the rivers are there too,
the seas, the mountains, the plains,
and the gods of the fields.
Prophets are to be seen in it, monks,
places of pilgrimage
and the deities presiding over them.
The stars are there, and the planets,
and the sun together with the moon;
there too are the two cosmic forces:
that which destroys, that which creates;
and all the elements: ether,
air and fire, water and earth.
Yes, in your body are all things
that exist in the three worlds,
all performing their prescribed functions
around Mount Meru
He alone who knows this
is held to be a true yogi"
Siva-Samhita, 2.1-5, trsl. by J. Varenne, Yoga in the Hindu Tradition, Univ. of Chicago Press, 1976.
The Three main Bandhas: Jalandhara Bandha, Mulabandha, and Uddiyana Bandha
Mulabandha is the bandha at the root chakra (Muladhara chakra). It contains the energy in the bodymind and allows for its support. It connects us with the earth energy of nature/creation (the evolutionary energy) which corresponds with Brahma, the Hindu God of generation and creation. This occurs in the Brahma Loka and the knot associated with Brahma Loka is Brahma Granthi. Through Mulabandha we are supported and Brahma Loka is made available to us.
It is here that the magic of creation, creativity, and evolution are rooted. It is the support center for embodied love here on planet earth. Connection here manifests in self confidence, security, and embodied empowerment on this planet.
Demonstration of Mulabandha in flexion and extension are practiced as the coming together of the tailbone and the pubis bone. This space between the tailbone and the pubic symphysis is brought together for support physically. Notice how the sacrum and tailbone complex move independently of the rest of the pelvis. This entire area when synchronized can thus move upward, supporting the entire body.
We sing a hymn in praise of Saraswati, the consort of Brahma and the goddess of creativity, spontaneous wisdom, and the arts.
The story goes that Saraswati is well loved by Hindus because she was able to tame the wandering mind of Brahma. According to legend, at the dawn of creation, Brahma became enchanted by his first creation, Shatarupa, goddess of material existence. He was so entranced by her that he sprouted five heads so he could watch her at all times. He chased her wherever she went, but he could not possess this mercurial being.
To restrain Brahma's lust Shiva, the supreme ascetic, wrenched off one of Brahma's heads. Sobered by the experience, Brahma turned to Saraswati and learnt to rein in his bewitched mind. Saraswati's children, the Vedas, showed Brahma the way out of the labyrinth of sensuality. From that day, the four heads of Brahma began chanting the four Vedas.
The second main bandha is uddiyana Bandha, which means flying upward energy gate. It links the energy from the first three chakras in the realm of Brahma Loka (Muladhara, Swadhistana, and Manipura Chakras) upward to the heart chakra (anahat chakra) where the Vishnu Granthi is pierced and untied. This is the realm of Vishnu (Vishnu Loka).Thus one can say that the Vishnu Granthi is pierced when the knot below the heart is opened thereby empowering the heart chakra (Vishnu Loka).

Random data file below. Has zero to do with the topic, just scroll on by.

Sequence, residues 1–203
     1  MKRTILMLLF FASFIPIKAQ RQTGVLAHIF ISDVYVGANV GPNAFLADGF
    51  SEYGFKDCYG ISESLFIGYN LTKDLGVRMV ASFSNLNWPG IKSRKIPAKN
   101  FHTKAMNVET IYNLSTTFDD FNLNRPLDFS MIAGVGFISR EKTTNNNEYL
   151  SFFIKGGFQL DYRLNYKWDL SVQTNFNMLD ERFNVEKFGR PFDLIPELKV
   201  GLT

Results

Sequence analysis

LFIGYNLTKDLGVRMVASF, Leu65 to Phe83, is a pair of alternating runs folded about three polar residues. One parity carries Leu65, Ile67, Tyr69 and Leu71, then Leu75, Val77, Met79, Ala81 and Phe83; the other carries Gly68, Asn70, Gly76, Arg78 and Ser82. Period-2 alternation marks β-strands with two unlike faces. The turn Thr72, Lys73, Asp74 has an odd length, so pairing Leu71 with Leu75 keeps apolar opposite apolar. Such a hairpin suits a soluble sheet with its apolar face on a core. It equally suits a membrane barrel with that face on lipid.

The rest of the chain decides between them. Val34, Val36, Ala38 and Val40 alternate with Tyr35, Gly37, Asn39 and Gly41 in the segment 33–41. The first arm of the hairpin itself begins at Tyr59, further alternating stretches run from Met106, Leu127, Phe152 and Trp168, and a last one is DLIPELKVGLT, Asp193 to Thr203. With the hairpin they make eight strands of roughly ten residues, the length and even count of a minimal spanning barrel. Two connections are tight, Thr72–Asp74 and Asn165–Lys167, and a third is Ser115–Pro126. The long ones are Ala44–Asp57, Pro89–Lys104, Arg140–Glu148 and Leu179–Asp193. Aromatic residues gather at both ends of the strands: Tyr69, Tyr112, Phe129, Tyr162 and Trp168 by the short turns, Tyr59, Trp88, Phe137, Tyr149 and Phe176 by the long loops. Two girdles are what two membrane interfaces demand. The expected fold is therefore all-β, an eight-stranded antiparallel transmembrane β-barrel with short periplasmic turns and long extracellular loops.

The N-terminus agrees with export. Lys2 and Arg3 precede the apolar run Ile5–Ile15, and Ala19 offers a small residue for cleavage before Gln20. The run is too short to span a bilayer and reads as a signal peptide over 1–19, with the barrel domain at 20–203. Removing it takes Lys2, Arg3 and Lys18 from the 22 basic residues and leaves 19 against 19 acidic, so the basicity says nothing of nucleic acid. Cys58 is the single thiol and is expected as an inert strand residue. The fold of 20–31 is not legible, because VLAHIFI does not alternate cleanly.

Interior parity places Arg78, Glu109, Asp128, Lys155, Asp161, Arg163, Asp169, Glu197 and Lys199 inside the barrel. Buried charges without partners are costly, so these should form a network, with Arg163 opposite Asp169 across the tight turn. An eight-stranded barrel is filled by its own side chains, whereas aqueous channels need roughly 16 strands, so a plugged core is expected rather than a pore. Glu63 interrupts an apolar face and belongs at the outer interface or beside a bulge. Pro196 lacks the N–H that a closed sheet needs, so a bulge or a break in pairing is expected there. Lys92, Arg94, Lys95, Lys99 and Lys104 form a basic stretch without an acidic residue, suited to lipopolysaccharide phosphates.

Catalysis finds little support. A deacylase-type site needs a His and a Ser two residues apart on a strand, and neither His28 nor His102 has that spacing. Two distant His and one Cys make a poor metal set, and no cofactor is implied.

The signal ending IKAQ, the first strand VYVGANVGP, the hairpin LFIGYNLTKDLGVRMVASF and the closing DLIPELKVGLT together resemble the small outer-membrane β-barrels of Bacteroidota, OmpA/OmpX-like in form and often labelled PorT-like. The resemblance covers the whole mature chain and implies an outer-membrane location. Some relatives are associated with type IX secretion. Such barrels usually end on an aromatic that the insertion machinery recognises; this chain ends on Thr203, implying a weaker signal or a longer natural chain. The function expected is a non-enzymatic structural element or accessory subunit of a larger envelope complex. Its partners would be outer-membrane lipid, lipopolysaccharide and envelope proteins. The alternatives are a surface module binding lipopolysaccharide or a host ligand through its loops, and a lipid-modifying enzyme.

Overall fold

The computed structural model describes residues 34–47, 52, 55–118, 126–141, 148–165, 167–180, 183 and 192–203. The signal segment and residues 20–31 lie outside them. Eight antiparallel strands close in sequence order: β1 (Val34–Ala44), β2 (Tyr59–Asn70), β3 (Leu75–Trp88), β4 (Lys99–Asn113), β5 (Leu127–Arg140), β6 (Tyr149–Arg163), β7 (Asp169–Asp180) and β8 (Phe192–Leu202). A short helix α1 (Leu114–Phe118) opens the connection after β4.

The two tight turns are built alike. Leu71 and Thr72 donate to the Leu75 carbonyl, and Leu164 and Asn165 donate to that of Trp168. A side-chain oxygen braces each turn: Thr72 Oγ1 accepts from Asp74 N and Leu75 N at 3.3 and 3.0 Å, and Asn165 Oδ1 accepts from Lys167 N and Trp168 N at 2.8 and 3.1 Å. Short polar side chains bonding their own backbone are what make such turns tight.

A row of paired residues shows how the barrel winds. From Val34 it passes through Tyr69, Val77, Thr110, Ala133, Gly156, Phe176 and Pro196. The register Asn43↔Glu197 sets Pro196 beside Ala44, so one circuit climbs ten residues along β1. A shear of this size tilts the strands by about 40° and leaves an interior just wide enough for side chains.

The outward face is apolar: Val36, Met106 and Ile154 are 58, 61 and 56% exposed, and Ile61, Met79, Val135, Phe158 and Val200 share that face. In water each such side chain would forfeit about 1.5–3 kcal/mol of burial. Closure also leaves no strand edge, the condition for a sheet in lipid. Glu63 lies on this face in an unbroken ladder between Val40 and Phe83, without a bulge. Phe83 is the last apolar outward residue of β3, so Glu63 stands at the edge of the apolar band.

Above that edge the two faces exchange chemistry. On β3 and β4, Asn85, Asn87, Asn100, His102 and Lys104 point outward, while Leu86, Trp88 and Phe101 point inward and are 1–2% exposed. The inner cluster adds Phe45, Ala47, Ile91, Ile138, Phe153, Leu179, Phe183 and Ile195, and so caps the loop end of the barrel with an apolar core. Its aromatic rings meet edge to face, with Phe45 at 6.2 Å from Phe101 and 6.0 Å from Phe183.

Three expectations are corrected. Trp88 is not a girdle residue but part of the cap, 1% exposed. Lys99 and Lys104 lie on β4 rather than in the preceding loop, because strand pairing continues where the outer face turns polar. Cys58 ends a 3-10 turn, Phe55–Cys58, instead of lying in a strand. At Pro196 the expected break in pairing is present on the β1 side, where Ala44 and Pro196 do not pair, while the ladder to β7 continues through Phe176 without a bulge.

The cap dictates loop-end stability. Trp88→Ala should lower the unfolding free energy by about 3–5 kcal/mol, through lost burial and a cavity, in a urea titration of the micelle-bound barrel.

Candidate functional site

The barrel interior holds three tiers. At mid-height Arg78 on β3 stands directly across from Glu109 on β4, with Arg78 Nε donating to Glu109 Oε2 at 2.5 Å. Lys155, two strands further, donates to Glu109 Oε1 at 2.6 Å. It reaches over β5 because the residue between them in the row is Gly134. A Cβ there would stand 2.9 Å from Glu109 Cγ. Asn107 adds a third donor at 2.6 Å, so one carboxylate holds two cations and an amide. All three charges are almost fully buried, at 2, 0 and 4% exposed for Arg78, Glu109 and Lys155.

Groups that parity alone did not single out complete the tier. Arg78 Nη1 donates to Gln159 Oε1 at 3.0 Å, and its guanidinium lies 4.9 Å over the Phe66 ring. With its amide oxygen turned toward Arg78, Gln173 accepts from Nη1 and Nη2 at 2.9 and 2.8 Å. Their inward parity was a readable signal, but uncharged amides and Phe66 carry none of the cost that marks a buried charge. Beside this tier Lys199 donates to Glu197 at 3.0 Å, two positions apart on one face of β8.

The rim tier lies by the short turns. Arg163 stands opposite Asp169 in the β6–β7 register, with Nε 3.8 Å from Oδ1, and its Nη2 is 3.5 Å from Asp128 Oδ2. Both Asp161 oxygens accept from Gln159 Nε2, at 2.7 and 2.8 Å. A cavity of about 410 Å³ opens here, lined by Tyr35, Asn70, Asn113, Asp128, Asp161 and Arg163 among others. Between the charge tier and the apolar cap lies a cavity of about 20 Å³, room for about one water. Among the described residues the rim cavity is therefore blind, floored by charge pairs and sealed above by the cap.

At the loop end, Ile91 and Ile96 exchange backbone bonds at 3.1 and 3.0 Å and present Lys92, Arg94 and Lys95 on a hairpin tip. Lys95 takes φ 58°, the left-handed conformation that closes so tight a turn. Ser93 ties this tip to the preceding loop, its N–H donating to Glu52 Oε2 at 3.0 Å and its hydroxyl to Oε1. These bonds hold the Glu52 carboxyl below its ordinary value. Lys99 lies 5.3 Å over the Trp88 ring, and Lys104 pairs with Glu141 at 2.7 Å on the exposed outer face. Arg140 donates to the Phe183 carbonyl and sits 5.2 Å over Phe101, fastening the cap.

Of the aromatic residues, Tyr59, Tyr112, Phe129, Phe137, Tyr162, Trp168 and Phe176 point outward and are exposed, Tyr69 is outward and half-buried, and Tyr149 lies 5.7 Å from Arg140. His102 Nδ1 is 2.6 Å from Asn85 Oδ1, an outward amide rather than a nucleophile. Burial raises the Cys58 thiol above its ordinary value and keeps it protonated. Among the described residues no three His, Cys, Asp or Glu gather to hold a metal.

Lakshmi Devi goddess of prosperity, wealth, completion, and fulfillment is Vishnu’s consort, although various incarnations of Vishnu such as Krishna or Ram have specific incarnated consorts such as Radhe, Sita, etc. Here mulabandha and uddiyana bandha complement each other culminating in the heart.
Physical practice: While standing with the feet about one foot apart, place the hands on the thighs halfway between the knees and pelvis with fingers spread while bending the knees slightly. Exhale all the air outward rapidly, let the head come into a gentle but firm jalandhara bandha. Then with all the air exhaled and held outward (bahya kumbhaka). Then pull the entire abdominal fascia back inward and lift it upward allowing the chest to raise up (do not collapse the chest). Bring the lower back (lumbar and dorsal vertebrae) forward (anterior0 and upward (superior) to meet the abdominal organs at the front of the spine creating a large empty space. If the chest collapses then this space is compressed, so keep the chest raised. In a proper uddiyana bandha the mulabandha is drawn further upward and the jalandhara bandha lifts and energizes the entire process as one (trayabandha).
Uddiyana bandha is also key to many asana practices. For example, in plank pose (lifted chaturanga dandasana or push up pose) lift from the abdomen upward while preventing the back from rounding.
"The moon and sun unite
within your body when the breath
resides in the meeting place
of the two nadis ida and pingala.
It is the spring equinox
when the breath is in the muladhara,
and it is the autumn equinox
when the breath is in the head.
And prana, like the sun,
travels through the signs of the zodiac;
each time you inhale,
hold in your breath before expelling it.
Lastly, an eclipse of the moon
occurs when the breath reaches
the abode of kundalini
via the channel ida,
and when it follows pingala